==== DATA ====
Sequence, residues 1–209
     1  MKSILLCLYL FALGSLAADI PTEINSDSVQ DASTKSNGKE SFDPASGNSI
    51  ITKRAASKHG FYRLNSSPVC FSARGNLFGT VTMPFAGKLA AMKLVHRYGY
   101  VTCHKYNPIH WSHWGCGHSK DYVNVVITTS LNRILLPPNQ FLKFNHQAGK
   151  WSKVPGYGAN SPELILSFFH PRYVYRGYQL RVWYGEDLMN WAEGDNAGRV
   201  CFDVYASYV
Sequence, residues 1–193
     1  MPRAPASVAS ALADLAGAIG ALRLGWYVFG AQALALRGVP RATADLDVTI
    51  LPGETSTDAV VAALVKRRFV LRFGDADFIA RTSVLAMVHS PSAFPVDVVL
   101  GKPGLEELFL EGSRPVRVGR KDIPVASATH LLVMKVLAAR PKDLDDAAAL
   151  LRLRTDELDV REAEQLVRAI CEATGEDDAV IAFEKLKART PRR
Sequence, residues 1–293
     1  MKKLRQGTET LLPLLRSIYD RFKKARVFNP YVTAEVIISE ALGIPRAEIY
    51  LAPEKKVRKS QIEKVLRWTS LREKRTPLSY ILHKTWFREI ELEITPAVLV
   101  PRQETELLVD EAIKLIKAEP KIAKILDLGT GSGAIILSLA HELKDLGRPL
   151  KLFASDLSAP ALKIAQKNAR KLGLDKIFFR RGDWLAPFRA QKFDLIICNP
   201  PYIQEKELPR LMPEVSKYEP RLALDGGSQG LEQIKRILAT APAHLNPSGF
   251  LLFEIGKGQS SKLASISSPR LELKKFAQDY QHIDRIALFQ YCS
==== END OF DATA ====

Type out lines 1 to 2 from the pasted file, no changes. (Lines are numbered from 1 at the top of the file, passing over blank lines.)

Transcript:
Sequence, residues 1–209
     1  MKSILLCLYL FALGSLAADI PTEINSDSVQ DASTKSNGKE SFDPASGNSI